What’s the Noise About Traditional Values?
“When I use a word it means whatever I want it to mean,” snorted Humpty Dumpty smugly to Alice. Puzzled, she entered into conversation with him about the meaning of words under such circumstances. The problem is that if only I know what my word means, I can shift the meaning endlessly to the confusion and puzzlement of my partner.
Lewis Carroll was poking fun at the erosion of meaning in language in his day. Would that he could see the verbal disasters of our time, almost two centuries after he wrote Alice in Wonderland. He could have written volumes about the shifting sands of language.
Take “traditional values,” for example. Now there’s an interesting phrase. You have to ask each individual user what it means, because it denotes nothing in particular. It’s a hollow phrase. “When I use a word, it mean whatever I want it to mean,” remember. What a word connotes becomes more important than what it denotes and there can be a vast difference between the two meanings.
What you intend the word to mean has become more important than its original content. You can even make the word mean the opposite of what it originally meant. This is what George Orwell had in mind when, in his novel 1984, he coined the word “doublespeak.” You say one thing but you mean the exact opposite.
Take “value,” for example. This word that used to refer to a given quality that made you prize something. You could say a painting was valuable, or an antique chest, because of their makers or the quality of their manufacture. You could say pictures of your grandparents are valuable for sentimental reasons.
People didn’t used to have “values.” They had virtues and vices. Values were given, not possessed; they were not nouns but adjectives, in a sense.
“Traditional,” I note on some church signboards, now stands in contrast to “contemporary,” as though they were opposites. I suspect that “old-fashioned” might be the idea conveyed by the word “traditional” these days; it’s something that we in our hip modern society want to get rid of. The hidden assumption is that anything old is bad, anything new is good, unless it’s a van Gogh painting. We want to create a prejudice against old things by calling them traditional. Like fidelity in marriage, for example.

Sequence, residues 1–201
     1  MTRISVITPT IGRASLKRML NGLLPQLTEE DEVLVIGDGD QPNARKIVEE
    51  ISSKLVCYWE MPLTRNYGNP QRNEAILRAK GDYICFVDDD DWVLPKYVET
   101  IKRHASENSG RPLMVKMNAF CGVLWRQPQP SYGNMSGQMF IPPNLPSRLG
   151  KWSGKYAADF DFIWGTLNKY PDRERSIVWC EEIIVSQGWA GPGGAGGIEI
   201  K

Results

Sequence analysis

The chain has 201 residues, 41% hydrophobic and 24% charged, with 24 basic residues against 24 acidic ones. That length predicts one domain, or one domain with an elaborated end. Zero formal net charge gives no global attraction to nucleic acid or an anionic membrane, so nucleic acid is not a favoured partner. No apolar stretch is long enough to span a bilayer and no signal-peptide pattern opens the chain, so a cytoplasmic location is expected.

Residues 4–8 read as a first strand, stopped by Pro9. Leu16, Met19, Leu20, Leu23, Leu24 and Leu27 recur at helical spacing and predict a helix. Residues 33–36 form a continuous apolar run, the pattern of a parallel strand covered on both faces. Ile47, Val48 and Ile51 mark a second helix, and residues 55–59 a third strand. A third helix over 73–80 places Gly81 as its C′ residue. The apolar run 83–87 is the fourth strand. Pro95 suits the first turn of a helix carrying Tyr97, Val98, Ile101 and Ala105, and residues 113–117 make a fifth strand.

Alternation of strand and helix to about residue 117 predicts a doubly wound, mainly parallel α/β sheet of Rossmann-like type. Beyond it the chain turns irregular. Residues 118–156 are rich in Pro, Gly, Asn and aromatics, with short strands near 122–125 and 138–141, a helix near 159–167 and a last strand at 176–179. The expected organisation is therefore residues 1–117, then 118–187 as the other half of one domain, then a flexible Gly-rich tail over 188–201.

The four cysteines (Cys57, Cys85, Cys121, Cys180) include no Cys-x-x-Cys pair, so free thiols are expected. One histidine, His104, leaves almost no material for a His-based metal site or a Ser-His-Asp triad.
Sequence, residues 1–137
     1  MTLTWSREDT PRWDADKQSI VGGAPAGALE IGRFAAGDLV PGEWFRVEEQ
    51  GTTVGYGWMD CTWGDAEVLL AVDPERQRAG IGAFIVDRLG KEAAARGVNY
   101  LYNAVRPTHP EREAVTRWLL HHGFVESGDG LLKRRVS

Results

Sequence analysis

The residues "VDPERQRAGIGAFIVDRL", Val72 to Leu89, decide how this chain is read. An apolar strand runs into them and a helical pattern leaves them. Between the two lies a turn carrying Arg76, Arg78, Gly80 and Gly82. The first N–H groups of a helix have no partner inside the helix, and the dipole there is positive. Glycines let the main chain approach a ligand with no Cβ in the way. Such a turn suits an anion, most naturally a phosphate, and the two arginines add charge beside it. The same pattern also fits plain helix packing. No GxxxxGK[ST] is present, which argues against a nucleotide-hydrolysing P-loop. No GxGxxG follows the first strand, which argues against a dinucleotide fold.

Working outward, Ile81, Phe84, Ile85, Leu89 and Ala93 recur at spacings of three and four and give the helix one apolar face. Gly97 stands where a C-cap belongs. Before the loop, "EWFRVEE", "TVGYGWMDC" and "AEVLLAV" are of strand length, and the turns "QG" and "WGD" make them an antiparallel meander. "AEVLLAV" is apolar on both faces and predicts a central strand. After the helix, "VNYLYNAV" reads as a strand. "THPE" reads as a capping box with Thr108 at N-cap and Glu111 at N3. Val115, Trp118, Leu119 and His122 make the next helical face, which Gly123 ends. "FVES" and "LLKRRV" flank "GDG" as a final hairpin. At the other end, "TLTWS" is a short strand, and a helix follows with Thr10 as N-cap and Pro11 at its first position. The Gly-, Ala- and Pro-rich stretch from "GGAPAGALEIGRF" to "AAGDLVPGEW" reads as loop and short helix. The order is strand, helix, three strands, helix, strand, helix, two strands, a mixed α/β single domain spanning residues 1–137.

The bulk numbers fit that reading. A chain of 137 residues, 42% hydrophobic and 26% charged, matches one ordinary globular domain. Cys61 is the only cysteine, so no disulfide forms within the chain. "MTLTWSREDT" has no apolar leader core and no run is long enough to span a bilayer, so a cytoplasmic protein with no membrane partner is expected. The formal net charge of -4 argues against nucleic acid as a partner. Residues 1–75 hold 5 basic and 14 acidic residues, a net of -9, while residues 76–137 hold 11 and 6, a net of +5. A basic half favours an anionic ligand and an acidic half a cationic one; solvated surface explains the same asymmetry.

Oddly enough, if you are looking for a bed-and-breakfast, “traditional values” might connote coziness, solitude, quiet, substantial breakfast and the like. You would like your bed-and-breakfast to be given over to “traditional values,” in this case. We like to walk in the midst of quietness on occasion, but only by choice.
But “traditional values” in church? Well, here we often go the other way.
In this usage, “traditional” means people actually believe that something substantial can be talked about in terms of real content. Truth, for example. Such a church might actually call upon you for commitment and fidelity beyond some cheap notion of card-carrying membership.
So instead many people might look for “creative values” in a church – a synonym for do-it-yourself, make-it-up-as-you-go-along, trust nothing beyond your own intuition, religion. In this case, nothing will be asked, nothing known and surely nothing given.
The sand shifts readily enough under our feet without having to worry about what each word might mean when people speak it. But that is the nature of the society we live in. Words have been sucked dry of content to the point where the communication of truth has become questionable – but we still need the grounding in order to make sense. Be careful with Humpty Dumpty.